transférer de la chaleur du premier flux de vapeur (428) au flux de vapeur non chauffé (106) pour chauffer le flux de carburant non chauffé (106) ;

    fournir le flux de carburant chauffé (406, 410) au séparateur de carburant (108, 418, 422) ;

    séparer, avec le séparateur de carburant de premier étage (418), le flux de carburant chauffé (406, 410) en un second flux de vapeur (420) de composés à indice d'octane recherche relativement bas et en un premier flux liquide (430) de composés à indice d'octane recherche relativement haut, sur la base de la volatilité du flux de carburant chauffé (106, 406, 410), et

    séparer, avec le séparateur de carburant de second étage (422), le second flux de vapeur (420) séparé par le séparateur de carburant de premier étage en un flux oxygéné (432) et en le premier flux de vapeur (428) ; et

    fournir un second flux liquide (419) de composés à indice d'octane recherche relativement bas par l'échangeur de chaleur (404, 408).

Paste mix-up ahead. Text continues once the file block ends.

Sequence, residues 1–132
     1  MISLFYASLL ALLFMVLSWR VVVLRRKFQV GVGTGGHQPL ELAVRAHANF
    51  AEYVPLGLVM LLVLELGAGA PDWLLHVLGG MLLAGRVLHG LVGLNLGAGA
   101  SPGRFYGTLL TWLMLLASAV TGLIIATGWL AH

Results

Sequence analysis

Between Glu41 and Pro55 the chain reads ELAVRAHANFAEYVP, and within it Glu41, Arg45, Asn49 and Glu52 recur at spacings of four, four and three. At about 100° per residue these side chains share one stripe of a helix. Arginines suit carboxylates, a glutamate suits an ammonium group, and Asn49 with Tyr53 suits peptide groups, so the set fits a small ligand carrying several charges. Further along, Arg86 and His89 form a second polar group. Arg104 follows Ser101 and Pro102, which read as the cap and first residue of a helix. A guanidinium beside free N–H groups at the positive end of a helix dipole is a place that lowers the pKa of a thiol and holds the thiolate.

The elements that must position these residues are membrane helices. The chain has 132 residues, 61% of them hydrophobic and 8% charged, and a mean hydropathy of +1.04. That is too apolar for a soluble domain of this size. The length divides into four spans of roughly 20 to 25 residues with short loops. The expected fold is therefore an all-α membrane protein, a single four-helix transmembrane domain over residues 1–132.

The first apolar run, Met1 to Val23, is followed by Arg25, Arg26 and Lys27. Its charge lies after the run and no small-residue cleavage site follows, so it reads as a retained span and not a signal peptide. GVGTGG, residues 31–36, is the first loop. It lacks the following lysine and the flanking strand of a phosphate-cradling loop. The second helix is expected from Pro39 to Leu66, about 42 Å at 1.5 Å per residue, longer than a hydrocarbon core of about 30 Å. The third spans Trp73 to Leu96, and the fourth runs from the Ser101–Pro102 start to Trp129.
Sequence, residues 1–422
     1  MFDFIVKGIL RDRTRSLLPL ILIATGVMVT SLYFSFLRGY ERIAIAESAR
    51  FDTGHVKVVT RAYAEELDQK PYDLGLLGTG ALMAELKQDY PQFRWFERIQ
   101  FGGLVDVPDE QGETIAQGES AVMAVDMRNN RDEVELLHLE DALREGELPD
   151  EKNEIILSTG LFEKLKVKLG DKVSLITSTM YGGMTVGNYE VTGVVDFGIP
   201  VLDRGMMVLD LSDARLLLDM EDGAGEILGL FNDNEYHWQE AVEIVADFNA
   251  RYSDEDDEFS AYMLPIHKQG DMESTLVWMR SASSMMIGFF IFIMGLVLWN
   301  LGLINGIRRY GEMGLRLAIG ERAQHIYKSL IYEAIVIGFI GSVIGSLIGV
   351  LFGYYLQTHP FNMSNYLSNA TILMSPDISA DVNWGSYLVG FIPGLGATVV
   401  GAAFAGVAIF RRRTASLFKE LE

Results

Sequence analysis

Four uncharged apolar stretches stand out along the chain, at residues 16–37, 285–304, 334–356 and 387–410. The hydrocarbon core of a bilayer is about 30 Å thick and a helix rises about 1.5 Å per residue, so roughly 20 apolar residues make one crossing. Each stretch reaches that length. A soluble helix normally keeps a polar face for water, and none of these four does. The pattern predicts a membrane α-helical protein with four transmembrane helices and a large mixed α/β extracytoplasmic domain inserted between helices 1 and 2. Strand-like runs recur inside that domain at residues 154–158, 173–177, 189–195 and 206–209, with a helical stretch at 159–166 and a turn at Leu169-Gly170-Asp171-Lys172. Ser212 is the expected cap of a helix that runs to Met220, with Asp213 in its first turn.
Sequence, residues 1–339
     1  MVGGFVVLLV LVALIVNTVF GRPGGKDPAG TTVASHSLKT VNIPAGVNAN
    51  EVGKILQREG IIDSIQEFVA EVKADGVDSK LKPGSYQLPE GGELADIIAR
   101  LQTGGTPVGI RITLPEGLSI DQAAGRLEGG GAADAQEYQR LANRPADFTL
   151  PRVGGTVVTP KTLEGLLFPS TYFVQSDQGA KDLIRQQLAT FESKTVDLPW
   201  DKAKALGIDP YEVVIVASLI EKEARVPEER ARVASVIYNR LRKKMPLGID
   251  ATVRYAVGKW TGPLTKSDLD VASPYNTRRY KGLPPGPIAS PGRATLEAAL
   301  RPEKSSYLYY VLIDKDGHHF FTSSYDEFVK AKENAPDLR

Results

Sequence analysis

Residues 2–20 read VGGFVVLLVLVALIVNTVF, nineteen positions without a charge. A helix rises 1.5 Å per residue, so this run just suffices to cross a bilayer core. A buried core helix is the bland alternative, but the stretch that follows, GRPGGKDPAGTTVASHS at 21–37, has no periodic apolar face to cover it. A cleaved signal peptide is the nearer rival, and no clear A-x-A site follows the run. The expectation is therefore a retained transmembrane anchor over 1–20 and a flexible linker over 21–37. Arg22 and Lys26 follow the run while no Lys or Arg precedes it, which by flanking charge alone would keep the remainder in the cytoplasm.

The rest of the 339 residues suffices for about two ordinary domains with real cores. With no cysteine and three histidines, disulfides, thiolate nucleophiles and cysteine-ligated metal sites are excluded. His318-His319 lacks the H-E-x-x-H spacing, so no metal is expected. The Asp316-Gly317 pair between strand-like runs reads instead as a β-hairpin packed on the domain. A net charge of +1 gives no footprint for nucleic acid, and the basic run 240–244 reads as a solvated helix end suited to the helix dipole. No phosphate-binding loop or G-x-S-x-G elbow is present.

11. Procédé selon la revendication 10, comprenant en outre les étapes consistant à :

    chauffer davantage le flux de carburant chauffé (406, 410) ; et

    fournir le flux de carburant davantage chauffé (406, 410) au séparateur de carburant (108, 418, 422), et

    éventuellement le fait de chauffer davantage le flux de carburant chauffé (406, 410) comprenant au moins une des étapes suivantes :

    a) chauffer le flux de carburant chauffé (406, 410) avec un élément chauffant électrique (412),

    b) chauffer le flux de carburant chauffé (406, 410) dans l'échangeur de chaleur (404, 408) avec le flux liquide combiné, ou

    c) chauffer le flux de carburant chauffé (406, 410) dans un autre échangeur de chaleur (412) avec un flux de gaz d'échappement de moteur.


     
    12. Procédé selon la revendication 10, comprenant en outre l'étape consistant à faire circuler le flux de carburant chauffé (406, 410) par un orifice variable (414) accouplé fluidiquement entre l'échangeur de chaleur (404, 408) et le séparateur de carburant (108, 418, 422).
     
    13. Procédé selon la revendication 12, comprenant en outre l'étape consistant à contrôler le séparateur de carburant (108, 418, 422) et/ou l'orifice variable (414) pour faire varier un débit volumétrique d'au moins un flux parmi le flux de carburant chauffé (406, 410), le premier flux de vapeur (428) et le flux liquide combiné.